First, the sum of 170 billion dollars…is about 60% of the entire debt owed by the entire continent of Africa to the rest of the world…Second, who are these Nigerians with this large sum of money stored overseas? The sum of 170 billion dollars is by far bigger than the entire wealth of the four richest people in the world combined. The wealth of Bill Gates III of Microsoft, Warren E. Buffett of Berkshire Hathaway, Karl and Theo Albrecht of Wal-mart retail and Paul G. Allen of Microsoft combined does not rise up to 170 billion dollars.
Individuals on the continent of Africa were transferring “$20 billion a year into bank accounts in Europe ” during the 1980’s, according to a former U.S. Assistant Secretary of State for African Affairs, the Africa Insider reported.
Critics of the government in Kenya assert that government officials there maintain their largest accounts “in foreign banks and that there is more money from Kenyans in foreign banks than the entire Kenyan foreign debt” of approximately $8 billion, The Washington Times wrote in 1995.
“What Arab country has $50 billion in private savings stashed abroad? asked The Economist in 1992. Egypt – a country with a $35 billion foreign debt and where “customers fight over Mercedes sports cars that sell for $400,000” – was the answer supplied. And a note furnished was that this is a ‘where a typical monthly wage is $50, and rubbish is collected by small dirty children in rickety donkey-carts”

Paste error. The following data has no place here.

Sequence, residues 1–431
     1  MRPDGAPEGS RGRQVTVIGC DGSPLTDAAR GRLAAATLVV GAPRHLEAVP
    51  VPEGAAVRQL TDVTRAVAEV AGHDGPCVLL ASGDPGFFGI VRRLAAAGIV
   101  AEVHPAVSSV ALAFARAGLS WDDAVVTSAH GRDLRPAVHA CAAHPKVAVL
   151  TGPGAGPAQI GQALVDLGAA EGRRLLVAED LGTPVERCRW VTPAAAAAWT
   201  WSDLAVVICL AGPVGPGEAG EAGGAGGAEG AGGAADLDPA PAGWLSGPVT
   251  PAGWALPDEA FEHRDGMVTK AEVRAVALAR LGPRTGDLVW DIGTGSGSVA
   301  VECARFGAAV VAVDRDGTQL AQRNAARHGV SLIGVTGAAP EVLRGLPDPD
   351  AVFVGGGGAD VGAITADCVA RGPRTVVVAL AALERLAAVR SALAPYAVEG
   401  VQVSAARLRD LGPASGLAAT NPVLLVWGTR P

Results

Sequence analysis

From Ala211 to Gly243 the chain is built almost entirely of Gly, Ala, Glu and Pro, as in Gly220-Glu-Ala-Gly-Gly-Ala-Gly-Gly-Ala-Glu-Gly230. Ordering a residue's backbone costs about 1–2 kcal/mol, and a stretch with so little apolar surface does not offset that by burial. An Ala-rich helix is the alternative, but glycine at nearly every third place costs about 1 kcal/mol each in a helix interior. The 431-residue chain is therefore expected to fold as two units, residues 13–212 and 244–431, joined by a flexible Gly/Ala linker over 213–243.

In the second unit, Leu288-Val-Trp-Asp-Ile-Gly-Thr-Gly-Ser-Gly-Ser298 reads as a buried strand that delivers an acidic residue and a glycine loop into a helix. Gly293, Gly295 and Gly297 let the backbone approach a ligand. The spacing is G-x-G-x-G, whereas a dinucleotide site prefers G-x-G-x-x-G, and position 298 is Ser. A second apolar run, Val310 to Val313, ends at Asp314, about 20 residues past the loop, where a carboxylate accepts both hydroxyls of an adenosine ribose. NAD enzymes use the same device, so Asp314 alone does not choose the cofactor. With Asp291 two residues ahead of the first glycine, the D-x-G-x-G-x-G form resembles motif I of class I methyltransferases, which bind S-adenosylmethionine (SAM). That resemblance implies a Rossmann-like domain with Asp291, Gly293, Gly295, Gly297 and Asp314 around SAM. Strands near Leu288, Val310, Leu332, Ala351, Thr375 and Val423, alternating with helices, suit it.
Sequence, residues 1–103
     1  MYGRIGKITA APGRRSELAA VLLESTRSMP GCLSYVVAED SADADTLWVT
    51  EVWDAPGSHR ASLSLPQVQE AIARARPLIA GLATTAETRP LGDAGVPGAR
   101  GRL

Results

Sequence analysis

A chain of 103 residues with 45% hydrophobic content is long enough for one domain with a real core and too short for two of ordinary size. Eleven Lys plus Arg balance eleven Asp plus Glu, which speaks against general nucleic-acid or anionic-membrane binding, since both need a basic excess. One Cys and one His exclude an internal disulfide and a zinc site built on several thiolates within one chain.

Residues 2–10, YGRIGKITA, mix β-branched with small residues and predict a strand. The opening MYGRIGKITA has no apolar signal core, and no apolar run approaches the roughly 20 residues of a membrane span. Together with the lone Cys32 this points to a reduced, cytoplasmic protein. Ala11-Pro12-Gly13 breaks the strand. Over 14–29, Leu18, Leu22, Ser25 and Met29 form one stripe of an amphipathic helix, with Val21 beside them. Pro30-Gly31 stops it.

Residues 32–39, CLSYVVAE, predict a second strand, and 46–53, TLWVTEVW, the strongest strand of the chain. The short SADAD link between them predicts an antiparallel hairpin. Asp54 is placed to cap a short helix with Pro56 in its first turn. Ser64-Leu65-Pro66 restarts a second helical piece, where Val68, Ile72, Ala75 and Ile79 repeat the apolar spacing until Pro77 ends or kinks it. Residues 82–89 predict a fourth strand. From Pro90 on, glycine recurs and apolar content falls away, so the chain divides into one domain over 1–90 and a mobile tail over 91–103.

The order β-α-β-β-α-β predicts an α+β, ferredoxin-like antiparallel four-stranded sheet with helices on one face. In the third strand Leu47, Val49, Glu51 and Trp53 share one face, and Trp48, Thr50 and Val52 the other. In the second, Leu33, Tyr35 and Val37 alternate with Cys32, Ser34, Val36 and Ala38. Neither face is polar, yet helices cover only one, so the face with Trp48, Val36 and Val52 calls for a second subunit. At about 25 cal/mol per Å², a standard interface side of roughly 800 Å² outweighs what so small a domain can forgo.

As is the case for most of the Third World, for every dollar of foreign aid going into Africa, $3 flee the continent for banks in Europe and America, Mr. Philip Emeagwali informed the Voice of America in 2000. “Most African political leaders [have]…bank accounts in Europe,” primarily in Switzerland, Mr. Emeagwali continued.
“It is time the West helped Africa to retrieve the money our politicians have stashed in Western banks,” Mr.Ekoue Teko writes for New African. “If this is done…we will have enough to live on without borrowing,” he finds.
Not to do so will only perpetuate the ongoing travesty. On the problems confronting Equatorial Guinea, the Cape Times reported in 2004: “the root cause of the turbulence is very likely the same old problem which bedevils many African countries…And that is that the country’s leaders are quite simply hogging all the wealth to themselves.”
As an immigrant from the Third World told me: “There is no limit to how much they will steal from the poor.”
Yet, British Prime Minister Tony Blair and the U.N. are touting a Millennium Project to donate more tens of billions of dollars to the thieving leaders in Africa. Mr. Blair and the U.N. assert that this Marshall Plan is needed to end poverty. They are blind to the fact that, as the Royal Africa Society states: “Africa has had a Marshall Plan several times over in the last 50 years and has little to show for it.”
Mick is founding editor of Slugger. He has written papers on the impacts of the Internet on politics and the wider media and is a regular guest and speaking events across Ireland, the UK and Europe. Twitter: @MickFealty